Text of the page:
News Release

Argonne nuclear engineer Yung Liu wins Special Achievement Award from RFID Journal

Argonne engineer receives award

Grant and Award Announcement

DOE/Argonne National Laboratory

From tracking supply chain management at big box stores, to tollway systems, to monitoring nuclear material packages in facilities and during shipments, radio frequency identification (RFID) technology has quietly reshaped our world.

RFID technology, used to record the presence of an object passively using radio waves, has quickly become a mainstay of sensing, for everything from inventory control to sporting events. Now, a pioneer of RFID has been recognized by RFID Journal for his work in developing a special kind of RFID technology that has transformed nuclear monitoring and security for the past 15 years.

Yung Liu, a nuclear engineer at the U.S. Department of Energy’s (DOE) Argonne National Laboratory, received the Special Achievement Award from RFID Journal for his work, in partnership with his program manager, DOE’s James Shuler, developing and deploying the ARG-US Remote Monitoring Systems Technology.

ARG-US works by using active RFID sensor surveillance tags in drum-type packages for storage or transportation.

Since 2010, five DOE laboratories and sites (Argonne, Oak Ridge National Laboratory, Sandia National Laboratories, Savannah River Site and Nevada National Security Site) have acquired the ARG-US RFID system for field-testing and applications.

Having the ability to manage nuclear material using RFID increases the security of essential environmental management operations moving nuclear fuel from one location to another, Liu said.

Liu’s work in RFID began in 2005. Trained as a nuclear engineer, Liu saw the value of using RFID to help secure shipments of nuclear material. ​“We are the transportation packaging people,” he said. ​“If we could come up with a unique identification device, such as an RFID tag with sensors, it would be easy for people to know and manage what is inside a package containing nuclear material.”

Since that time, Liu has overseen a number of innovations in RFID. ​“There have been breakthroughs in terms of the sensors, in terms of the power supply and in terms of the communication systems,” he said. ​“The potential of the ARG-US remote monitoring systems technology gets better with each passing year.”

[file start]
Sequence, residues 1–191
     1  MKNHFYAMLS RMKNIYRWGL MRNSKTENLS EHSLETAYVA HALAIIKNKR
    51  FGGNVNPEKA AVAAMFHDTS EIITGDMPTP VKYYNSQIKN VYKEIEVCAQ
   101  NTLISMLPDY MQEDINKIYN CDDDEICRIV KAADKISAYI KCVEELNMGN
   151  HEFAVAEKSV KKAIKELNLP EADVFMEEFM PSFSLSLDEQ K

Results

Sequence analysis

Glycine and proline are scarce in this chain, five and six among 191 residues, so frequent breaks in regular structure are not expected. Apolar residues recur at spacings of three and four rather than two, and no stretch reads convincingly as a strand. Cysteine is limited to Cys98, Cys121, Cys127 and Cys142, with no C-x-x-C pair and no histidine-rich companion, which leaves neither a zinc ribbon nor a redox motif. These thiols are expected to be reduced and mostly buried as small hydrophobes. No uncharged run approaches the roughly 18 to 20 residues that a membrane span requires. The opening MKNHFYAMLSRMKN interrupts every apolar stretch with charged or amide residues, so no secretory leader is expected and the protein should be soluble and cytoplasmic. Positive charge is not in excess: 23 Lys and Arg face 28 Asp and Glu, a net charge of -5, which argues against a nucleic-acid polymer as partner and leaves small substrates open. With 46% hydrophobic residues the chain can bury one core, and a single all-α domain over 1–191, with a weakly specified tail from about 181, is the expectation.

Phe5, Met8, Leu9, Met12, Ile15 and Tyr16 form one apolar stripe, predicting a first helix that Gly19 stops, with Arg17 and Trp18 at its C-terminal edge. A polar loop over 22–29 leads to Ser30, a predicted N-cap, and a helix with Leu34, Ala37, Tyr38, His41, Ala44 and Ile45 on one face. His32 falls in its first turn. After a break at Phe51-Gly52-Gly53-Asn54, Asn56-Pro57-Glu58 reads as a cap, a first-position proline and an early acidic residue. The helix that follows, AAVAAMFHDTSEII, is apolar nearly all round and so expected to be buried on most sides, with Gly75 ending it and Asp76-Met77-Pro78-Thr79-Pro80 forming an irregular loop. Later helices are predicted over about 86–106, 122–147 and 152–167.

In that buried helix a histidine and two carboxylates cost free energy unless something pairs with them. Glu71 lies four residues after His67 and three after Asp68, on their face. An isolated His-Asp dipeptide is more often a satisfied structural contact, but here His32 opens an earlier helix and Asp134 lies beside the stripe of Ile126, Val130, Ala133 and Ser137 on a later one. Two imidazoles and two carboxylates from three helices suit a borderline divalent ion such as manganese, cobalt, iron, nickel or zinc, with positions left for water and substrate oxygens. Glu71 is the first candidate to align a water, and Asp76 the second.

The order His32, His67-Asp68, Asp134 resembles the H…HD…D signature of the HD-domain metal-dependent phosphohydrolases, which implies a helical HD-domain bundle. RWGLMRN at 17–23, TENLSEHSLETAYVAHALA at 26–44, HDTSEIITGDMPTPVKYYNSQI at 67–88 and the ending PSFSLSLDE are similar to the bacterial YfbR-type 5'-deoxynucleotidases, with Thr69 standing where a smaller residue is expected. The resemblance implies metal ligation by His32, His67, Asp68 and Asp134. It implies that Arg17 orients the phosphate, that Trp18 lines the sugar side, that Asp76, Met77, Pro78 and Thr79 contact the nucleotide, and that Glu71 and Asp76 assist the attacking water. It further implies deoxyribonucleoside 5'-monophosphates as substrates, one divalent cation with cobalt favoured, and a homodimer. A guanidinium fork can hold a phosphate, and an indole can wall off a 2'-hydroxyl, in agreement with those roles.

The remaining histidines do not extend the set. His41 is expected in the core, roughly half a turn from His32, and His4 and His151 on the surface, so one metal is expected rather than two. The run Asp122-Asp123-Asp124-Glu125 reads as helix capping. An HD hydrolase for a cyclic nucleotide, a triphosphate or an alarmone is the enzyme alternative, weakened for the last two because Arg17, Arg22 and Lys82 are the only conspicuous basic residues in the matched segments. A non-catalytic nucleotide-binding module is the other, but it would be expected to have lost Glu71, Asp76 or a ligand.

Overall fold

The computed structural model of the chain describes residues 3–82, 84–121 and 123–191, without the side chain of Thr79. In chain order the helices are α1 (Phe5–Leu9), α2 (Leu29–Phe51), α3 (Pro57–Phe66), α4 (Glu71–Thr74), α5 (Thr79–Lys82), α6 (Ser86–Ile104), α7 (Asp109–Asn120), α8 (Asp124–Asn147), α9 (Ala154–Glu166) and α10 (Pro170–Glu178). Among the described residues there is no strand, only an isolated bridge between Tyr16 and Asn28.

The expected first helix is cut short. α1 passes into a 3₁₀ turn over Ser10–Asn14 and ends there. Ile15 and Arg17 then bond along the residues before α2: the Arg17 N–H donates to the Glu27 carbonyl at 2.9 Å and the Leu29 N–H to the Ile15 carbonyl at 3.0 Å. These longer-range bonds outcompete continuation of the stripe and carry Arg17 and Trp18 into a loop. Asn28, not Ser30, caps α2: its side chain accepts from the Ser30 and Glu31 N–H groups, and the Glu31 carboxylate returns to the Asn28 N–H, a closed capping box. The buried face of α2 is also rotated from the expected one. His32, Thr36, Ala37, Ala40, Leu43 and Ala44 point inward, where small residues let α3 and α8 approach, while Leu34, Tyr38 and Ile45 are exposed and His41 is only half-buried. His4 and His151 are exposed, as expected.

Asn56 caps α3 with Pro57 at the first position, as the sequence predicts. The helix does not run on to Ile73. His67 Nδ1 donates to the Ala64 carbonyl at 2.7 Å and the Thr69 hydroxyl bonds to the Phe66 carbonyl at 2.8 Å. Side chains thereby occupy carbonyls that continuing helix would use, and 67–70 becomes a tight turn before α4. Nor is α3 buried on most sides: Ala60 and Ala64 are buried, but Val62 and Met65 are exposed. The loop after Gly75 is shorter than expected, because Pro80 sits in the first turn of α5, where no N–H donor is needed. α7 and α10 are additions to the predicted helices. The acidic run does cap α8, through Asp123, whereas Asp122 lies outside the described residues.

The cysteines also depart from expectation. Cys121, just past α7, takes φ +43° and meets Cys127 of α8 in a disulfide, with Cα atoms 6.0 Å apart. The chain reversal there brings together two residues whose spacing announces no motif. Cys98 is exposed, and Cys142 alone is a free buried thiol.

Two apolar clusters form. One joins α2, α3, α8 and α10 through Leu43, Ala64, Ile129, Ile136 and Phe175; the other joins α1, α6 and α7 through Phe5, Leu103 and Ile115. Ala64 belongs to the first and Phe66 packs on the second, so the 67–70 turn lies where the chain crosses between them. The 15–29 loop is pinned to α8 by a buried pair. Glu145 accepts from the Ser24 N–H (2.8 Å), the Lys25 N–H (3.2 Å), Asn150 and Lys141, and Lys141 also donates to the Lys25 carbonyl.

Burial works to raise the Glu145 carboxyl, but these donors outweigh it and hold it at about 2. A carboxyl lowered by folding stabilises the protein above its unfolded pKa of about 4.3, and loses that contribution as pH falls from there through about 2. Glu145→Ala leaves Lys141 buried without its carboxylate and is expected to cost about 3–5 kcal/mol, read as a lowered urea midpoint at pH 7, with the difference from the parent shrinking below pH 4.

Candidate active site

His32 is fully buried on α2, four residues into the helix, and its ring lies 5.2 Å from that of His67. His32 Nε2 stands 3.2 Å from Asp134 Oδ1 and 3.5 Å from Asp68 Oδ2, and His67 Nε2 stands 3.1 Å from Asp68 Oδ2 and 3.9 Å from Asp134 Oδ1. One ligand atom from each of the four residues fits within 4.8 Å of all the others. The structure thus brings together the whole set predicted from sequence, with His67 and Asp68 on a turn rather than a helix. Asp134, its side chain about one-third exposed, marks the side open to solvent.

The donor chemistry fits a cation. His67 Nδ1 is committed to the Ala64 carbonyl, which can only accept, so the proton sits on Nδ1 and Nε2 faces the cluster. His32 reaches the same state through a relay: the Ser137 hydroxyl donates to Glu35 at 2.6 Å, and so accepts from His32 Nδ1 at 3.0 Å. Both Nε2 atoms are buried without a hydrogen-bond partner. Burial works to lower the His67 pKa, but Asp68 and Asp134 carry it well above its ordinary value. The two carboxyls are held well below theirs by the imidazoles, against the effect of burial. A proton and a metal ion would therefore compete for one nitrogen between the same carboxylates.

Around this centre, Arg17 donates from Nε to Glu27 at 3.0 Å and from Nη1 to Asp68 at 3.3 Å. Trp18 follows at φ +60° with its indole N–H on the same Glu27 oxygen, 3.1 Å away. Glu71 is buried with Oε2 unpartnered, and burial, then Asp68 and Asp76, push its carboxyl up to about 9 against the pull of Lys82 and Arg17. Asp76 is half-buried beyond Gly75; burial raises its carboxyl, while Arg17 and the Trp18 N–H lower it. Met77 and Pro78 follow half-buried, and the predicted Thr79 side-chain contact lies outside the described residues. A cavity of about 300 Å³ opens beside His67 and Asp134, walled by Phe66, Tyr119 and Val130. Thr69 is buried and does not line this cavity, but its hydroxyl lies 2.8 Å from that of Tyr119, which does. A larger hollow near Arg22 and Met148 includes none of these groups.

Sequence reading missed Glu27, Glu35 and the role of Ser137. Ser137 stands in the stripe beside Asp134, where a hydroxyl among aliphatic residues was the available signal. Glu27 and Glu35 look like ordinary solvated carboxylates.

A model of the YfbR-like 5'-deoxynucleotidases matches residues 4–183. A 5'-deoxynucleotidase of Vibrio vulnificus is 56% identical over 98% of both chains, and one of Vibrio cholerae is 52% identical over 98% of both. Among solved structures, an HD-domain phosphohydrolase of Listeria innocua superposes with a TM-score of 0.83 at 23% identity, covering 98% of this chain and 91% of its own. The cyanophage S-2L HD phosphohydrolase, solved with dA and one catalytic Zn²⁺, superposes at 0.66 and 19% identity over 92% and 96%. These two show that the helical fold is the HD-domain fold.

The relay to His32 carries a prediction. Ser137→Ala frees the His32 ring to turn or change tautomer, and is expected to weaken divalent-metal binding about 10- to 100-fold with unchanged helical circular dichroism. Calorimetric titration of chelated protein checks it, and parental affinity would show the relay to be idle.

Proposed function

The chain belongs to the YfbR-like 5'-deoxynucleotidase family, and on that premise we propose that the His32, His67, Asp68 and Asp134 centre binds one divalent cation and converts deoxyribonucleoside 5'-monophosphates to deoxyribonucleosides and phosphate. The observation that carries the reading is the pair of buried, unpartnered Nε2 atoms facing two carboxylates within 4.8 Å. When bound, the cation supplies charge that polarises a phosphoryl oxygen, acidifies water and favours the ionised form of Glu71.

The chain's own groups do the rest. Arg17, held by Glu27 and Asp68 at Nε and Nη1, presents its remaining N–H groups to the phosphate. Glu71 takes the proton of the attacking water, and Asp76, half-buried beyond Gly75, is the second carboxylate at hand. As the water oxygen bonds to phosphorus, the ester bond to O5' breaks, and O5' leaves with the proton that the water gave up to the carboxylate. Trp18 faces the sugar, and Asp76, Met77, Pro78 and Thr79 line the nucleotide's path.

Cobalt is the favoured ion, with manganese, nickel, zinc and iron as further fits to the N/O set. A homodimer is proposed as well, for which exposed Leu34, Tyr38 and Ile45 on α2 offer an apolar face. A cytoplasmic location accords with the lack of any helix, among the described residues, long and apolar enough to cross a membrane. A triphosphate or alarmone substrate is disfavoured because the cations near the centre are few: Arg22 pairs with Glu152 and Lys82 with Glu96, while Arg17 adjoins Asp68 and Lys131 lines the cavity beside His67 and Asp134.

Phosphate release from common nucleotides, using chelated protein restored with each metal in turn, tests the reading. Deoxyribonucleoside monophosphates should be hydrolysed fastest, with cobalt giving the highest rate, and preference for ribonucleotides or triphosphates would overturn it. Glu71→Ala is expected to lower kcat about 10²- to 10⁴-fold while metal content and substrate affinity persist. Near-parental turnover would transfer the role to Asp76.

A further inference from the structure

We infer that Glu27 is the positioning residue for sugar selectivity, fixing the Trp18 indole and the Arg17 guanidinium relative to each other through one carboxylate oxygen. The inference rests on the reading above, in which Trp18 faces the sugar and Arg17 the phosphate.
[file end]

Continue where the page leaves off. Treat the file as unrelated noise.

According to Liu, RFID is currently merging into the mainstream of the Internet of Things, in which a broad suite of sensors in all kinds of monitoring systems are connected to computing.

Liu’s work in RFID has resulted in four patents and eight software copyrights and roughly 50 publications co-authored with his Argonne teams over the years.

The ARG-US technology has been licensed to U.S. companies and has been made commercially available. ​“The whole point of developing new technology is that it needs to be useful, usable and used,” Liu said. ​“Those have been the goals of my research since the beginning.”

Liu’s work is funded by DOE’s Office of Environmental Management.

Argonne National Laboratory seeks solutions to pressing national problems in science and technology. The nation’s first national laboratory, Argonne conducts leading-edge basic and applied scientific research in virtually every scientific discipline. Argonne researchers work closely with researchers from hundreds of companies, universities, and federal, state and municipal agencies to help them solve their specific problems, advance America’s scientific leadership and prepare the nation for a better future. With employees from more than 60 nations, Argonne is managed by UChicago Argonne, LLC for the U.S. Department of Energy’s Office of Science.

The U.S. Department of Energy’s Office of Science is the single largest supporter of basic research in the physical sciences in the United States and is working to address some of the most pressing challenges of our time. For more information, visit https://​ener​gy​.gov/​s​c​ience.

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